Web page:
© AFP / Javed Tanveer
FILE PHOTO: Afghan Taliban militants and residents stand on a armoured Humvee vehicle of the Afghan National Army (ANA) as they celebrate a ceasefire, Kandahar, Afghanistan, June 17, 2018
Taliban insurgents attacked an army outpost in Afghanistan’s southwestern Farah province killing at least seven soldiers, local officials said on Monday, as the country braces for violence after May 1, a previously agreed deadline for foreign troop withdrawal.
In a video message to media, Farah Governor Taj Mohammad Jahid said the Taliban had blown up an army outpost after digging a 400-metre (0.25 miles) tunnel to access it from a nearby house. He added that one soldier had also been captured by the insurgents.
Two local officials, one speaking on condition of anonymity, said dozens of military including elite commando forces had been killed. Provincial council member Khayer Mohammad Noorzai said that around 30 had died in the attack and that the base was in the hands of the Taliban.
A Taliban spokesman did not immediately respond to a request for comment.
Officials said a blast in the province’s capital on Monday had wounded 21 people, including five children. Farah Public Health Director Abdul Jabar Shayeq said three of the injured were in hospital in critical condition.
Afghanistan’s capital was placed on high alert over the weekend and security in urban centres ramped up while the head of foreign forces in Afghanistan warned insurgents against attacking foreign troops as they withdraw from the country over the coming months.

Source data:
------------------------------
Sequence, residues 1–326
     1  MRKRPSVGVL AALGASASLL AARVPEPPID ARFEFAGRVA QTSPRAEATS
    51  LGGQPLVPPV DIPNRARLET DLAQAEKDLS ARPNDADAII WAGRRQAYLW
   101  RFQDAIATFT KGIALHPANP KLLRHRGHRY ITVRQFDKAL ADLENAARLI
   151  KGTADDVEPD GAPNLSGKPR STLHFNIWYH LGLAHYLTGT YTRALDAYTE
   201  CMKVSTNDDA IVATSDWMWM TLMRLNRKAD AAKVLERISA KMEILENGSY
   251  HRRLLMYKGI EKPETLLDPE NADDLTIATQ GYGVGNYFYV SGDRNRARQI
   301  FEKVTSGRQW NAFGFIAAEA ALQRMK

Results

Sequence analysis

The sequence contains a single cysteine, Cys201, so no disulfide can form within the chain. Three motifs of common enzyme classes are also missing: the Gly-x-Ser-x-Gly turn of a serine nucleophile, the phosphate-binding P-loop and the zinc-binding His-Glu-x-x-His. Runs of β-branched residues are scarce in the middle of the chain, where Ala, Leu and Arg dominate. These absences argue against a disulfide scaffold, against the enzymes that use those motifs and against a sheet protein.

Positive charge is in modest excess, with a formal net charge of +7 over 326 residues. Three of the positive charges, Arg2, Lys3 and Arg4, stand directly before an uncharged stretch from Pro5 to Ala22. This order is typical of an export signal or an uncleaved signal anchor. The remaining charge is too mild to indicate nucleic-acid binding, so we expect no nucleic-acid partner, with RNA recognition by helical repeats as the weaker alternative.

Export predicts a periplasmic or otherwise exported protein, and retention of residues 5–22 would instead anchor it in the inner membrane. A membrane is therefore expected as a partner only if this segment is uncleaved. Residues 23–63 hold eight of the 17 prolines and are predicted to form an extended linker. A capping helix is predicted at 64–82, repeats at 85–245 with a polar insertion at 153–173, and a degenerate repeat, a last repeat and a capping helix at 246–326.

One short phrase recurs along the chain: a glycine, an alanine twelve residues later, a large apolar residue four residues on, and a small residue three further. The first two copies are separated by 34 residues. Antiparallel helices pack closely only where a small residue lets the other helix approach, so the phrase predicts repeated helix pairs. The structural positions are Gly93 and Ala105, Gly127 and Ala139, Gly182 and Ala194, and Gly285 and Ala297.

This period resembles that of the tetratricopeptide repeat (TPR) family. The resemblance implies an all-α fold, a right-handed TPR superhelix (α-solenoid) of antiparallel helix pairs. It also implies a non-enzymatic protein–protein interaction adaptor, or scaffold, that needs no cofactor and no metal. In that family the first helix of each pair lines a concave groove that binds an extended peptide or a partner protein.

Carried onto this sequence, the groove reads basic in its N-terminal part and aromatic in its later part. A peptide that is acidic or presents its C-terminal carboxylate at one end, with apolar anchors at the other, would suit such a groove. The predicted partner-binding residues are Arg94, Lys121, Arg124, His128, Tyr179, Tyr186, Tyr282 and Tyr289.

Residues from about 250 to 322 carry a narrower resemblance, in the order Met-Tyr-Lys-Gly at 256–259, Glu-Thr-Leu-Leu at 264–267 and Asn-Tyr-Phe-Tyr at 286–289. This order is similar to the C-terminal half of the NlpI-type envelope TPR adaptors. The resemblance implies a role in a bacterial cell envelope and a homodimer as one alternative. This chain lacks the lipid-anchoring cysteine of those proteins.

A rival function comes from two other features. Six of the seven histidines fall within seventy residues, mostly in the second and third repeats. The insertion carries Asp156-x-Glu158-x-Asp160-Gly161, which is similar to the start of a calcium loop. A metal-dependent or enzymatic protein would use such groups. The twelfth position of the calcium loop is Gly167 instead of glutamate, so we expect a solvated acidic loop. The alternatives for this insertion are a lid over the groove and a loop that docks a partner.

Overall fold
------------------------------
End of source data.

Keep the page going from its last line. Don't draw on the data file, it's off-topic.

Under a February 2020 deal between former U.S. President Donald Trump’s administration and the Taliban, foreign forces were to withdraw from the country by May 1 while the hardline Islamist group held off on attacking foreign troops and bases.
But U.S. President Joe Biden announced last month after reviewing the situation that U.S. forces would instead complete their withdrawal by Sept. 11, more than four months later than the previous plan.
Violence against Afghans has escalated in recent weeks, with more than a hundred Afghan security forces personnel killed. On Friday, a huge blast in eastern Logar killed dozens as they broke their fast during the holy Islamic month of Ramadan.
The Pentagon on Monday said “small harassing attacks” in Afghanistan over the weekend had not had a significant impact on the United States’ military withdrawal from the country.
“What we’ve seen are some small harassing attacks over the course of the weekend that have not had any significant impact, certainly not on our people or our resources there and bases,” Pentagon spokesman John Kirby told reporters.
The commander of foreign forces in Afghanistan said on Saturday it would be a mistake for insurgents to attack foreign troops still present after the passing of a May 1 deadline for withdrawal agreed last year with Taliban militants.
U.S. Army General Scott Miller’s comments followed what a U.S. forces spokesman described as “ineffective indirect fire” at an airfield in Kandahar that had caused no injuries or damage. The Taliban did not immediately respond to request for comment on whether it was involved.